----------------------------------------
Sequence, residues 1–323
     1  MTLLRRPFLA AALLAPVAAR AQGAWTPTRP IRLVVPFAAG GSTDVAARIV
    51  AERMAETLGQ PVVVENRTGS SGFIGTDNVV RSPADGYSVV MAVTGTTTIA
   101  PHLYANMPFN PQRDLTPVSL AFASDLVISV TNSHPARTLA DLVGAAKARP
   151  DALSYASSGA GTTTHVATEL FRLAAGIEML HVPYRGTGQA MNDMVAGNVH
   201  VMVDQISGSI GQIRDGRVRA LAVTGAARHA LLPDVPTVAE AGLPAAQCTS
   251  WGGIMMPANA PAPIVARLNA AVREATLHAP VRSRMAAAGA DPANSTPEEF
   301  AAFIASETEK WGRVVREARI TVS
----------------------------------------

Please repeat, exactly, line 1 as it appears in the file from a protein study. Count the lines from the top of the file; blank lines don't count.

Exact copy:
Sequence, residues 1–323